What about here in the UK? Our equivalent to the Emmys, the BAFTA TV Awards, seem much less shy of handing out gongs to sci-fi and fantasy shows. The “Zombies, vampires, werewolves and superheroes” Hurd mentions being neglected by US awards academies pretty much sum up the casts of Being Human, Misfits, The Fades, and to some extent, Doctor Who, all of which have been well-rewarded by the TV BAFTAs in both Best Drama and Acting categories in recent years. The UK TV academies, which admittedly deal with a much smaller volume of shows than their US equivalents, for whatever reason, seem more inclusive of sci-fi and fantasy.

Seeing as Comedy and Reality shows have their own category at the Primetime Emmys, that honour could always be petitioned for being extended to sci-fi, fantasy and horror programming, though Lord knows the division lines are blurry enough as to what constitutes genre TV. The debate of what merits inclusion on a website with the word Geek in its title pops up regularly in our comments section, and unsurprisingly, there’s yet to be a consensus. Ghosts made regular appearances in HBO’s Six Feet Under, but would anybody have called that a supernatural drama? The BBC’s Sherlock’s The Hounds of Baskerville was sci-fi tinged, but would anyone put the series in that awards category were one to be invented?

There’s also an argument that a separate category would marginalise these shows further, admitting that in some way they’re not worthy of consideration against 'proper' drama. To use a callous example that’s in no way meant to equate the plight of sci-fi telly with that of actual people who’ve suffered society-wide set-backs thanks to bigotry and oppression, it’s a similar argument to the one against affirmative action. Do genre TV fans want it ghettoised, tucked away in an ‘also ran’ category? Or just for it to be accorded the same chances at awards as everything else?

There’s a final point to make, which is simply: who cares? Does it matter to you if your favourite TV show wins a mainstream award? Would Firefly have escaped cancellation if it had won a bunch of Emmys? It’s a different context, but The Fades’ recent BAFTA win hasn’t (yet) helped it win a second season, though we're still hopeful.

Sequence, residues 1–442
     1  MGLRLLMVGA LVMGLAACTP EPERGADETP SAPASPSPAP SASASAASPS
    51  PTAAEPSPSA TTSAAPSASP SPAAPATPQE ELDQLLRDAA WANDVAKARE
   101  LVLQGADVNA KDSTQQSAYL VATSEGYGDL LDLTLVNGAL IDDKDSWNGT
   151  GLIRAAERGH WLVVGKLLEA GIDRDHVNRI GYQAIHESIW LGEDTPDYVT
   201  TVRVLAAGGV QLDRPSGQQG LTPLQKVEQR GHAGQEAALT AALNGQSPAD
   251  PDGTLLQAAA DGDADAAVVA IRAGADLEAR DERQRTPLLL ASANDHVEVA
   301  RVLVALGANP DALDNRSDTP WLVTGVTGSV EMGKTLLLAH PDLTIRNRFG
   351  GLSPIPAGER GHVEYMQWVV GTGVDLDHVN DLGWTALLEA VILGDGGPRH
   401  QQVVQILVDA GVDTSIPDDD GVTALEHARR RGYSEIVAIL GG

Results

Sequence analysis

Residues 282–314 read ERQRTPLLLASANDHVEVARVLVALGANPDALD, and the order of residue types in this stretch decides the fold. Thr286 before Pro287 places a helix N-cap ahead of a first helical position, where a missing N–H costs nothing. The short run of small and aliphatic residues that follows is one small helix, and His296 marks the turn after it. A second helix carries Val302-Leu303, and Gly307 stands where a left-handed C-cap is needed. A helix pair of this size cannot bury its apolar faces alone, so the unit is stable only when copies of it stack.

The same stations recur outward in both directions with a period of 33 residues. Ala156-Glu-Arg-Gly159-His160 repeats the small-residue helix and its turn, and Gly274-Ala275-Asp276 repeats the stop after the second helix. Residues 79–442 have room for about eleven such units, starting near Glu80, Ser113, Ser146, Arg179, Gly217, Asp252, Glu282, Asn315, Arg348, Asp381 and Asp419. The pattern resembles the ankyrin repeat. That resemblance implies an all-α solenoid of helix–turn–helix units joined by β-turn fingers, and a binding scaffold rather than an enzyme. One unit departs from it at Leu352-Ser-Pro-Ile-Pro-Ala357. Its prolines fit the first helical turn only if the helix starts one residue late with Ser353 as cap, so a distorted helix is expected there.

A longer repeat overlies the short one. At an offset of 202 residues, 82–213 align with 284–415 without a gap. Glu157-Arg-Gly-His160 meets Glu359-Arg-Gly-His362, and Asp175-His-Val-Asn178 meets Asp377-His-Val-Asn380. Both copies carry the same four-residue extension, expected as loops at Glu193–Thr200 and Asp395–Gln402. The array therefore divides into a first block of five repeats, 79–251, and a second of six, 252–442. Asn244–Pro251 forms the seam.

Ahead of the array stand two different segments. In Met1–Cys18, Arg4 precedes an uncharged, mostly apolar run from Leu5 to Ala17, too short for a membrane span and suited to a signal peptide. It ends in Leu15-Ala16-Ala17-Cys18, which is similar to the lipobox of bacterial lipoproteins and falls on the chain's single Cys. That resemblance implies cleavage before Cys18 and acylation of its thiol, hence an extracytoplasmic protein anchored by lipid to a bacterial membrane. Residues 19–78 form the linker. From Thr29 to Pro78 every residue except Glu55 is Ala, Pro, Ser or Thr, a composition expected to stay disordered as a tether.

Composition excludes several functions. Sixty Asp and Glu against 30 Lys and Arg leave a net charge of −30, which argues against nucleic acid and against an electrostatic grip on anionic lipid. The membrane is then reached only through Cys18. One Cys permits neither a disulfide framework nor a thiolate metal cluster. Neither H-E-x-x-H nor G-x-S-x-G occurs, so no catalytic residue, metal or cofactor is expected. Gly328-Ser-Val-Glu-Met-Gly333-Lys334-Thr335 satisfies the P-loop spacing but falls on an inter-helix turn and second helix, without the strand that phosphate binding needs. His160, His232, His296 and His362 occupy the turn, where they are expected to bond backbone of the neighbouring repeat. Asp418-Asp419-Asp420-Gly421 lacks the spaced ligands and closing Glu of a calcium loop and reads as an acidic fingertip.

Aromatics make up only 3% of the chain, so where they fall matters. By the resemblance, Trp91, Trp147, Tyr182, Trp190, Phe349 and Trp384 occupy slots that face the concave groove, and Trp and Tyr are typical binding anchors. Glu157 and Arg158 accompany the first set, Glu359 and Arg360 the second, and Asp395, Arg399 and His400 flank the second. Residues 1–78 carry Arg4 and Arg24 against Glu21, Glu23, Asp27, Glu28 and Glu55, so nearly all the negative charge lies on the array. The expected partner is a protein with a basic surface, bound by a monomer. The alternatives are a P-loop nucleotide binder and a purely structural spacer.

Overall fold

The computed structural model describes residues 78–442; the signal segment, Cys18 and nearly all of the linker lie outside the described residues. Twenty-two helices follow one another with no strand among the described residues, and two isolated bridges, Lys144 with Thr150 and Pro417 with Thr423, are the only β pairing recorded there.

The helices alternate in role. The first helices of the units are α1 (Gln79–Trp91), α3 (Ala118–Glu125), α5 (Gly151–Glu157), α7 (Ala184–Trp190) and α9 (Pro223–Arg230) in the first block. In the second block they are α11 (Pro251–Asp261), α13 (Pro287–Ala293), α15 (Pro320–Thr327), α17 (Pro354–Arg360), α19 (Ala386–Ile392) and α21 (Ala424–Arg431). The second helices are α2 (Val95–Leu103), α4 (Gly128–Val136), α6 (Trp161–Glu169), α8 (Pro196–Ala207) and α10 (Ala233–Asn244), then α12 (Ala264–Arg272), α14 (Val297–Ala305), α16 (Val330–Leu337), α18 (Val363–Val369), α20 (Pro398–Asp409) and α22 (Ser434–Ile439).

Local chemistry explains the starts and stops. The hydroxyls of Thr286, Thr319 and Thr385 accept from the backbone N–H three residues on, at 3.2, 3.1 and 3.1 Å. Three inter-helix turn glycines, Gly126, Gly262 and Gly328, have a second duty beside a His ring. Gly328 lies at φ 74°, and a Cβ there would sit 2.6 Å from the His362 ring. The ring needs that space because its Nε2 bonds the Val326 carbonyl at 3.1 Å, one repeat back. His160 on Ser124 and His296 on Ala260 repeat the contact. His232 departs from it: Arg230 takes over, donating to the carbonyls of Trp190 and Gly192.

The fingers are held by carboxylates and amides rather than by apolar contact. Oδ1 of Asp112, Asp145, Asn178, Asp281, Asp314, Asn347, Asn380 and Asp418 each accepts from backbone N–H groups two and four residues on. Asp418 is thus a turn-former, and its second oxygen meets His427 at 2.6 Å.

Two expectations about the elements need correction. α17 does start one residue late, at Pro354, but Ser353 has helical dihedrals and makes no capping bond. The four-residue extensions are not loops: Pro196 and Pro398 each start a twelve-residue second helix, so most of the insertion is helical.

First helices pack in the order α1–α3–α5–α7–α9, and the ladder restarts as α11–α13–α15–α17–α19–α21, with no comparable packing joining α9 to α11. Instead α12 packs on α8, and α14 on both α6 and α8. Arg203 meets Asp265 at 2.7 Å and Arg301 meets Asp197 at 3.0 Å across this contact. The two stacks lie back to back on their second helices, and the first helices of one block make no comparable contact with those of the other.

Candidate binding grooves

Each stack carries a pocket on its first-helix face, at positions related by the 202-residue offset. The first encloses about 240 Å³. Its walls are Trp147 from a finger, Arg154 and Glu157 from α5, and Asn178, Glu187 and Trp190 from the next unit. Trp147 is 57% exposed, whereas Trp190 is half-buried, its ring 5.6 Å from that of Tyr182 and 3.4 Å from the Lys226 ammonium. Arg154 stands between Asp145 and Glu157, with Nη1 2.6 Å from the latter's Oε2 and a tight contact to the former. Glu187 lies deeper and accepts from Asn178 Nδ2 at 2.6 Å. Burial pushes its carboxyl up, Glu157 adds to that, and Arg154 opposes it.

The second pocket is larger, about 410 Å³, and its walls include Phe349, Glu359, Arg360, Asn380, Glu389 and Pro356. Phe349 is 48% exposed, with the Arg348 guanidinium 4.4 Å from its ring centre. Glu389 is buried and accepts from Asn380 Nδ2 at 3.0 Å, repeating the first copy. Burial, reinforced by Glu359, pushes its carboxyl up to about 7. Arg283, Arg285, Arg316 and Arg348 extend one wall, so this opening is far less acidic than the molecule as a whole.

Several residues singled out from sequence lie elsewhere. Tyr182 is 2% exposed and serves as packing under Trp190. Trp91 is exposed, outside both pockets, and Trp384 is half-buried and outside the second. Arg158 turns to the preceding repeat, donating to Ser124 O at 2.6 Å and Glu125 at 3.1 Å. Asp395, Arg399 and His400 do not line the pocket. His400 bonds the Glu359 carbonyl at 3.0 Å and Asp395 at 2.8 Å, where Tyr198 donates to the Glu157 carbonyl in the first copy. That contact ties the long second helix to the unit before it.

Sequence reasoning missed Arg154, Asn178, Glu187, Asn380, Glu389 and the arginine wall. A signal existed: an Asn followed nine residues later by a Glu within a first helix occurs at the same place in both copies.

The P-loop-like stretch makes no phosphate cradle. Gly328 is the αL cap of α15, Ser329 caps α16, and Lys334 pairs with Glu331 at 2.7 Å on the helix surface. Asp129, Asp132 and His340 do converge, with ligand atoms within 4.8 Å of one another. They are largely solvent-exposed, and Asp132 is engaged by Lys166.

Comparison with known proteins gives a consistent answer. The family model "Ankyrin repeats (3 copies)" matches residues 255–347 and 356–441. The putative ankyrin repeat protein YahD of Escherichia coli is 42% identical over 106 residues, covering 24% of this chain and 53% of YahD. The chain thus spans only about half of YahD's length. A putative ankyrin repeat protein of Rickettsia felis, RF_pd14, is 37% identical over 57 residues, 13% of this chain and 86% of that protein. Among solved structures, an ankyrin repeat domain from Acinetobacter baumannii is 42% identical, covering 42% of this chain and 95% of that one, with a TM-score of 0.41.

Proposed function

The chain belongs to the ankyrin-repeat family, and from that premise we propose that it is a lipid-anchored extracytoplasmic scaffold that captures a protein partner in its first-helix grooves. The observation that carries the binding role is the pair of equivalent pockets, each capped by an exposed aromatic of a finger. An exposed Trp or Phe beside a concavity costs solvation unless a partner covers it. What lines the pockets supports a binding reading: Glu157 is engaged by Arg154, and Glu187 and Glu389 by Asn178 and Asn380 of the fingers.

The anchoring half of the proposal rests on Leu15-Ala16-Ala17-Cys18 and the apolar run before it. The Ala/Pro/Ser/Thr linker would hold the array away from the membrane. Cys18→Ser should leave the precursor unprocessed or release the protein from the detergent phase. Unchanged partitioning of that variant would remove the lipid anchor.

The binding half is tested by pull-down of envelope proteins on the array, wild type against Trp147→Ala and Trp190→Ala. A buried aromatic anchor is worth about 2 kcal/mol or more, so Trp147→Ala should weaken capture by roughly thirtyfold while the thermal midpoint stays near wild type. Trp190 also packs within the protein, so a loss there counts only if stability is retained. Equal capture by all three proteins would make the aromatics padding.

It’s also worth considering that some viewers are pleased, rather than frustrated by the fact that their preferred programmes are ignored by the mainstream, enjoying the cachet it gives them as fans. Crowing about loving a show before everybody else is as commonly found an attitude in online forums as calling each other Nazis and criticising each other’s spelling. Maybe if the Emmys et al gave genre telly more recognition the fun of being a fan would lose some of its shine.

Networks though, and the individuals involved in making the shows, definitely do care about awards. Viewing figures for the latest season of AMC’s Mad Men, for instance, may not have grown enormously since season one, but the fact it’s won an Outstanding Drama Emmy for each of its seasons thus far makes it a very unlikely candidate for cancellation. Call it a loss leader if you like,  the lower-than-cost loaf of bread sold by a supermarket to build a brand, establish a reputation, and get people through the door.

The season 2 finale of the show Hurd produces, The Walking Dead, also on AMC, attracted almost 9 million US viewers, over three times as many as Mad Men’s recent season 5 finale (even though that episode represented an all-time finale high for the advertising drama). It doesn’t need to be said that popularity though, is rarely a mark of quality. Even fans of The Walking Dead had problems with its recent season, and it’s difficult to imagine anyone other than Hurd and co. complaining if it doesn’t end up in the final 6 come the Emmy nomination announcement.

The mild solution Hurd suggests to the problem is to expand the number of nominees per Emmy category, something the Oscars recently did for its Best Picture category, which went from 5 to 10 nominations in 2010. It’s a reasonable enough idea that if implemented, might just level the playing field?

*American horse-racing thing apparently. No, me neither.

The Hollywood Reporter